Sure he's a scumbag, but I might return it myself.
CleanSlate said:RedKurrant said:How do you guys maintain the energy to keep working on a business while working full-time?
About a month ago I launched a service-based business and have so far landed six clients, but I'm starting to feel burnt out already. I'm working ~70 hour weeks, which entails the 9-5.30 job, and then working a couple of hours before and after work, during my work lunch break, and most of the weekend.
My worry is that if I don't keep grinding away I'll never earn enough from the business so that I can quit my job and work on it full-time. How can I push through when all I want to do is throw in the towel everyday?
Set a time limit for working on your business while on the job. 6 months maybe. If after 6 months your business isn’t getting anywhere, either the business idea isn’t profitable or you simply haven’t put enough into it. At 6 months, you will know which is which.
Then you’ll have to decide whether to quit your job to focus on your business full time, or forget about it and try a different business idea later.
The idea is to not let yourself burn both ends of the candle forever, because as you say, that leads to burnout. So set a time limit on that.
BigTedSven said:I think the business of electronic repairs in the future could be huge.
With the majority of the population living hand to mouth, it’s only a matter of time before people realise they can’t keep purchasing brand new shit all the time.
I’ve just quit my job as a service tech for a large corporation, and will be going out on my own. For you young guys out there, getting a trade (or on my case dual trade HVAC and electrical) may not be sexy, but if you can present and sell yourself well, the potential to run your own business and earn good money is there.
A lot of trades people are very rough and careless, overweight and don’t present well.
Apply basic red pill principles and sky is the limit.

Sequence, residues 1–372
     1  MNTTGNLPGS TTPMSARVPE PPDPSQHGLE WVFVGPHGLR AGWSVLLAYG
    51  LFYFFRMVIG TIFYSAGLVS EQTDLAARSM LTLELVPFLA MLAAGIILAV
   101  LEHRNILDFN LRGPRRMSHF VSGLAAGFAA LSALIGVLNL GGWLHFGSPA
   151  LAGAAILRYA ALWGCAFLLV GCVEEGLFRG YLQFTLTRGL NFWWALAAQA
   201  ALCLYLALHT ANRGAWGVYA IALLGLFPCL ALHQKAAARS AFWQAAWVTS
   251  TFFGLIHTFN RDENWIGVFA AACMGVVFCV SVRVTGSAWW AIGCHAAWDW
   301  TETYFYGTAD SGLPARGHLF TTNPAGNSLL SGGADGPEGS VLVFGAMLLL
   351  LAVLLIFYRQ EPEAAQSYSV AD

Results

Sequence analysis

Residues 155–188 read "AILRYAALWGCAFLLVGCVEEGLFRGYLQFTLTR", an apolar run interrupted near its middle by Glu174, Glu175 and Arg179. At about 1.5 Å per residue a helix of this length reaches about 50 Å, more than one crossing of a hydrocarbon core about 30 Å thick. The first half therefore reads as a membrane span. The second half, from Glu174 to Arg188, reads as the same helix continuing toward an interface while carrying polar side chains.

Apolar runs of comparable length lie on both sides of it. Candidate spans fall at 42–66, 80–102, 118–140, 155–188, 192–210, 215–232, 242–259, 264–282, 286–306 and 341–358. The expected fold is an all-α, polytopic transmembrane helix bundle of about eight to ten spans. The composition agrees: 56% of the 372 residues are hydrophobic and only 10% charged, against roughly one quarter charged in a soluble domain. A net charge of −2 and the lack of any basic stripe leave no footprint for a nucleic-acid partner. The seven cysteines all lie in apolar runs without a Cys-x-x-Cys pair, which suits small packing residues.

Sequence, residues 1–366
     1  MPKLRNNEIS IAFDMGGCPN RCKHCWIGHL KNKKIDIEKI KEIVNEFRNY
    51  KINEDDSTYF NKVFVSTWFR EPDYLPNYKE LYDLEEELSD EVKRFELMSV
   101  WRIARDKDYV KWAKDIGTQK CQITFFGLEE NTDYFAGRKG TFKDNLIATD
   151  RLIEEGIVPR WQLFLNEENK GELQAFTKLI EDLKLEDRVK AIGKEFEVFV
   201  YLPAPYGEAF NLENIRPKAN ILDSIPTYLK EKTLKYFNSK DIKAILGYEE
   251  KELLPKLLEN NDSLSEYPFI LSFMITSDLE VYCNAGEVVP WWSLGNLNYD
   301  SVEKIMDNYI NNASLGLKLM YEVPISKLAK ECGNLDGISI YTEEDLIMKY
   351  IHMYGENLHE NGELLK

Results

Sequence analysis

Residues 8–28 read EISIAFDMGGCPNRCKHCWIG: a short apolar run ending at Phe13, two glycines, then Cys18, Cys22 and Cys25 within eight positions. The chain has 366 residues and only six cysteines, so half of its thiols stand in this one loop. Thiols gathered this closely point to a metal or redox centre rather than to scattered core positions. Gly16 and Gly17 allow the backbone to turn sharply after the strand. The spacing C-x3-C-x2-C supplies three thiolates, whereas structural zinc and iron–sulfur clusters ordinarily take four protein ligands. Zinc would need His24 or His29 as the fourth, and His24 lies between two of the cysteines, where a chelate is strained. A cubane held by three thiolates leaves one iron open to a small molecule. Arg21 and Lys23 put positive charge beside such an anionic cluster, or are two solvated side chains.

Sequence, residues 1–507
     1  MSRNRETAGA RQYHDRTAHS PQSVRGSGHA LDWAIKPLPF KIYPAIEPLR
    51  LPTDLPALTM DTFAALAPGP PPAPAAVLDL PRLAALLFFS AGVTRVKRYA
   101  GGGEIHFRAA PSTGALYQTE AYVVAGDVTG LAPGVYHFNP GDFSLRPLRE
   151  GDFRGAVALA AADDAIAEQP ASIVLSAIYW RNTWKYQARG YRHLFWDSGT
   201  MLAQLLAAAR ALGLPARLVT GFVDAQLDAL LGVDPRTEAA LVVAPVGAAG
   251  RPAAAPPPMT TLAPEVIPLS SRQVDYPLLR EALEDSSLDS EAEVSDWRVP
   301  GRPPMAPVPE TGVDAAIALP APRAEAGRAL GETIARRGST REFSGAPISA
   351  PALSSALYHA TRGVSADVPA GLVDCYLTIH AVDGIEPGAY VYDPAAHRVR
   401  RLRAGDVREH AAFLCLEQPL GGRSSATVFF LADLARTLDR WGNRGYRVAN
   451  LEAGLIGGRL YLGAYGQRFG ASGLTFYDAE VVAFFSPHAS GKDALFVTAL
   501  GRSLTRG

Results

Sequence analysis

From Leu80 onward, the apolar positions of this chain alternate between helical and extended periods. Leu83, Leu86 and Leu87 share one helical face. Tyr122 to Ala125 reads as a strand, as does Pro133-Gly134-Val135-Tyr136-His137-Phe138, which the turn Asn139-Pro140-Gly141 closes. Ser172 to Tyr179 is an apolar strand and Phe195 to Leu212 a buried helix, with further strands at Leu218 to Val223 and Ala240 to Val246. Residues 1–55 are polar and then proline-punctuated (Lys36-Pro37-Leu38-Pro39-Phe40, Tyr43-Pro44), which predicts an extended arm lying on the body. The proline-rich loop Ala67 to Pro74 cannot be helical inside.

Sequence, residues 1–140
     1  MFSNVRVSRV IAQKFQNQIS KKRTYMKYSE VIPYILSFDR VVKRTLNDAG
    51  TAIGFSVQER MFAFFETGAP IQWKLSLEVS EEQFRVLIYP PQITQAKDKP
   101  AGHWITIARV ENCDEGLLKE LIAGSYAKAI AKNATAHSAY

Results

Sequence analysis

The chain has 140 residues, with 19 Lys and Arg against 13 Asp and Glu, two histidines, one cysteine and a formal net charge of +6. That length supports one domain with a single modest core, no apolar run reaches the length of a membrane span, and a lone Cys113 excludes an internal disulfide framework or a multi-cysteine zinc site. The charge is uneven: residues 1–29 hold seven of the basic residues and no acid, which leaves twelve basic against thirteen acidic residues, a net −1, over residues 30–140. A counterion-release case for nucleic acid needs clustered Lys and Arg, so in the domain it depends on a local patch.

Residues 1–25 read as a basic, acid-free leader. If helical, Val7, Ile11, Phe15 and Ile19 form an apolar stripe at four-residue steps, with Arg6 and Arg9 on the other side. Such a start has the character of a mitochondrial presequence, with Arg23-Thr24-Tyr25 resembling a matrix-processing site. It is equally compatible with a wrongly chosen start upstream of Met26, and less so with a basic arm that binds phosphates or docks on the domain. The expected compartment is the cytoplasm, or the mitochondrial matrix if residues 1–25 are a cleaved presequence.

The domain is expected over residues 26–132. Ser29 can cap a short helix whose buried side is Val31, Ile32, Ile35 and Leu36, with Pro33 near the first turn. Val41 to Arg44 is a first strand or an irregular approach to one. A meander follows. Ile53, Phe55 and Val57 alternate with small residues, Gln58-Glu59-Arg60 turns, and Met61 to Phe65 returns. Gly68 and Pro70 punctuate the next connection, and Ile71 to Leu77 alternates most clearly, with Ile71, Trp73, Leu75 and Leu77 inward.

Disclaimer you will have to get dirty and sweaty.
Isaac Jordan said:I run an investment service that can only accept accredited investors, and I know exactly who my target market is: older, educated, wealthy white-collar workers (doctors, lawyers, etc.) who have plenty of money but aren't good at trading/investing themselves.
paninaro said:You didn't mention what kind of financial service, but is it general advisory services? That's particularly tough because of switching "costs" -- most people of that profile already have an advisor, so the advisor has to royally mess up for them to be in the market for a new one.
Anyway, getting back to your question, some ad services let you set up your targeting and then will show you the suggested cost per click/engagement. Based on that, you can run the ads with a limited budget and see if there's any conversion or uptake at all.
Isaac Jordan said:Does anyone here have experience with targeted ads on Facebook, LinkedIn, Google, etc.?
(I know we have a Facebook Ads for Idiots thread, but I'm hoping some of you can provide feedback based on personal experience).
I run an investment service that can only accept accredited investors, and I know exactly who my target market is: older, educated, wealthy white-collar workers (doctors, lawyers, etc.) who have plenty of money but aren't good at trading/investing themselves.
As much as I hate to give money to Big Tech, I like the idea of targeting precisely the sort of prospect I'm looking for, especially because the majority of people aren't accredited investors and it would be a waste targeting to the masses rather than filtering for my very specific target market.
Has anyone used any of the major platforms for this sort of targeting? What's your experience been?